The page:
Low-Volatility ETFs

Exchange traded funds that track stocks with low volatility have been a popular holding during these turbulent times, with iShares recently announcing that its line of minimum volatility ETFs gathered over $4 billion in assets.

The iShares suite of low-volatility ETFs cover broad domestic and international equities:

  • iShares MSCI Emerging Markets Minimum Volatility ETF (NYSEArca: EEMV)
  • iShares MSCI EAFE Minimum Volatility ETF (NYSEArca: EFAV)
  • iShares MSCI USA Minimum Volatility ETF (NYSEArca: USMV)
  • iShares All Country World Minimum Volatility ETF (NYSEArca: ACWV)

EEMV and USMV both crossed the $1 billion mark, gather $553.9 million and $797.8 million in new inflows, respectively, since January as investors sought ways to hedge against market swings while still keeping their toes in equities, according to a press release. [Low-Volatility ETFs are ‘The New Black’]

“In an environment in which macro uncertainty continues to lead to financial market volatility, investors are complimenting their portfolios with iShares Minimum Volatility suite of products,” Daniel Gamba, Head of iShares Americas Institutional Business at BlackRock, said in the press release. “Investors also recognize there is significant evidence that Minimum Volatility funds improve risk-adjusted returns, while also cushioning portfolios during periods of heightened turbulence.” [Why Low-Volatility ETFs Remain Popular]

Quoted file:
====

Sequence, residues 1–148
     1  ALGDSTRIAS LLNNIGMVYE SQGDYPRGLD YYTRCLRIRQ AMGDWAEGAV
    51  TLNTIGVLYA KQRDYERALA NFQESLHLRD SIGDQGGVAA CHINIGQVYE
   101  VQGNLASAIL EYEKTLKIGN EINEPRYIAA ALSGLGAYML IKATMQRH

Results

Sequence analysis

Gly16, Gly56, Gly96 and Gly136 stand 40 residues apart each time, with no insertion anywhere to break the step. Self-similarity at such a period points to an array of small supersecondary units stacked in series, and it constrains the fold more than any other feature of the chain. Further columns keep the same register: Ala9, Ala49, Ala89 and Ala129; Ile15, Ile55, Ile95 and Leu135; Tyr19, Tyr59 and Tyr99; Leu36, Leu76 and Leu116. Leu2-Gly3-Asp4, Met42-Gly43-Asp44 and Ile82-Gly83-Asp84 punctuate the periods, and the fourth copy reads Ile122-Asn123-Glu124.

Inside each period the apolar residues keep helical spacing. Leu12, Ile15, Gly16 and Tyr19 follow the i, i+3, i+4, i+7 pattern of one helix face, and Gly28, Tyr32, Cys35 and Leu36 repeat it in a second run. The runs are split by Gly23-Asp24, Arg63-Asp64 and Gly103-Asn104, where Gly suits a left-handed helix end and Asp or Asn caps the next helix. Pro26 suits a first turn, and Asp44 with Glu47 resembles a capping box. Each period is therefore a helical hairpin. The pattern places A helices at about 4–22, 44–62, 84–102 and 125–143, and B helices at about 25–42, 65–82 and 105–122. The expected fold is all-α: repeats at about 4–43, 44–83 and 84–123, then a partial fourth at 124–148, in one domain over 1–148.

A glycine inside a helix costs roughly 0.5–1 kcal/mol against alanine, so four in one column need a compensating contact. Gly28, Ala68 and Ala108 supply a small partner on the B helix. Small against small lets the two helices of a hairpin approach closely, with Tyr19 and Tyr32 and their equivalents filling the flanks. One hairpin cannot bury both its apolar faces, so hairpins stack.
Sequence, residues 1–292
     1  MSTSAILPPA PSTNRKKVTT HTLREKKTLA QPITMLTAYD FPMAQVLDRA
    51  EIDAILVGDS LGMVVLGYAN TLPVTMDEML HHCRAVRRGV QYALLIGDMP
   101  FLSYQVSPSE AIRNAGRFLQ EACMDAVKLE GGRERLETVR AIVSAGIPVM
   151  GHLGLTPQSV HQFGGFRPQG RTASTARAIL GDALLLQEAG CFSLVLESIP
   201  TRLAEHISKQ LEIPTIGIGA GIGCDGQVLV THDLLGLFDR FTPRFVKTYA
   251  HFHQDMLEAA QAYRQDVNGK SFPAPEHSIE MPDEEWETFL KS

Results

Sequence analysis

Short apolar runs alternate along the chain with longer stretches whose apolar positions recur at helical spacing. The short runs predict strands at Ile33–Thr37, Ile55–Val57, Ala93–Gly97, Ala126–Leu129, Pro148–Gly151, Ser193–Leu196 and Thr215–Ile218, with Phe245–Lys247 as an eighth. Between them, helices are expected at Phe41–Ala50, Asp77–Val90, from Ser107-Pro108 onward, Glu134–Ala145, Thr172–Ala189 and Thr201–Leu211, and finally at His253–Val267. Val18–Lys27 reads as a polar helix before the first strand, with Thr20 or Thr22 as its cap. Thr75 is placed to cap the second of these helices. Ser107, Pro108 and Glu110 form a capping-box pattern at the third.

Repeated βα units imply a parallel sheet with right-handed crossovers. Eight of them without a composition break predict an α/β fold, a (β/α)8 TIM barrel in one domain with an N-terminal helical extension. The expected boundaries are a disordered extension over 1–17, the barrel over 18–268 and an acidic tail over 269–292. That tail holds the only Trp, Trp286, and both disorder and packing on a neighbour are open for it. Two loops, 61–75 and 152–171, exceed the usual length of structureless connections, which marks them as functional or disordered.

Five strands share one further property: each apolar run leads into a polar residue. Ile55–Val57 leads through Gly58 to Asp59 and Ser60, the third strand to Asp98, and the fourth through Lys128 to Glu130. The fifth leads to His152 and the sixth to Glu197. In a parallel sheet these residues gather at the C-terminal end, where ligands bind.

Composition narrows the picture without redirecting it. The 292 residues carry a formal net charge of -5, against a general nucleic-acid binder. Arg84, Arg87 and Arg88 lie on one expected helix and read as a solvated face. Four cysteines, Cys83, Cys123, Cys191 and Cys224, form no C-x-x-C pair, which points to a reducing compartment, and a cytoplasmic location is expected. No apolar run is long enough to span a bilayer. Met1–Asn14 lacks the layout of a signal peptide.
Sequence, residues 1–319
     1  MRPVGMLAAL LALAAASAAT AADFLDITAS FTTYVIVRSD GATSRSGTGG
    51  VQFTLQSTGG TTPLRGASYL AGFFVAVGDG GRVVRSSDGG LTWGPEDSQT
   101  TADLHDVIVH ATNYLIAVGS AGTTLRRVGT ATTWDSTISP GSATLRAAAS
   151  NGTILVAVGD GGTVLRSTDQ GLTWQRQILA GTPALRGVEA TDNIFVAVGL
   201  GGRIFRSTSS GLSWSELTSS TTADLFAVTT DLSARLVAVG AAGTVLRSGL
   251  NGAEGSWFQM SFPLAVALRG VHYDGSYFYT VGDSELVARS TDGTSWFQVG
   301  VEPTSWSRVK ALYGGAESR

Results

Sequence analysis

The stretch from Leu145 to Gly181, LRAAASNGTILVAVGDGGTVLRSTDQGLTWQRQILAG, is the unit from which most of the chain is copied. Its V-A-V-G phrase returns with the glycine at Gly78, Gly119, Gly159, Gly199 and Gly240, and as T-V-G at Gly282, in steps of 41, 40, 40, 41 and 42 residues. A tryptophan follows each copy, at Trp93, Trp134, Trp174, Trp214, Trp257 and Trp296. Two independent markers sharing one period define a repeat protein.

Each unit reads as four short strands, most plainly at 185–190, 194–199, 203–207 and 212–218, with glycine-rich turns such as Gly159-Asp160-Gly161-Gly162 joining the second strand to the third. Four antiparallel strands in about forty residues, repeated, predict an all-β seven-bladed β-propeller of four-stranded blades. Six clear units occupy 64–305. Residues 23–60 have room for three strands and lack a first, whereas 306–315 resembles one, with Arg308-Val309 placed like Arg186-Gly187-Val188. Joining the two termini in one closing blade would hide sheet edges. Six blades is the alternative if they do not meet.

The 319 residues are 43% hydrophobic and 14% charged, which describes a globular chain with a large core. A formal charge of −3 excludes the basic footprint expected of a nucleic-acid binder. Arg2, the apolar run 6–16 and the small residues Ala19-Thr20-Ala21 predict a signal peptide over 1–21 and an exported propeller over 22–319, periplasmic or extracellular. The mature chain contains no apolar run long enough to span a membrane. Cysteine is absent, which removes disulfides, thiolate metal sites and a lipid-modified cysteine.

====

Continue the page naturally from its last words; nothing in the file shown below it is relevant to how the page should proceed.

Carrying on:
Last week, State Street Global Advisors joined the low-volatility ETF space, launching two new funds based on Russell indices. [A Look at Two New Low-Volatility ETFs]

Moreover, earlier this month, PowerShares added a small- and mid-cap low-volatility ETF based on S&P indices. [PowerShares to List Small- and Mid-Cap Low-Volatility ETFs]

For more information on low-volatility funds, visit our low-volatility category.

Max Chen contributed to this article.

The opinions and forecasts expressed herein are solely those of Tom Lydon, and may not actually come to pass. Information on this site should not be used or construed as an offer to sell, a solicitation of an offer to buy, or a recommendation for any product.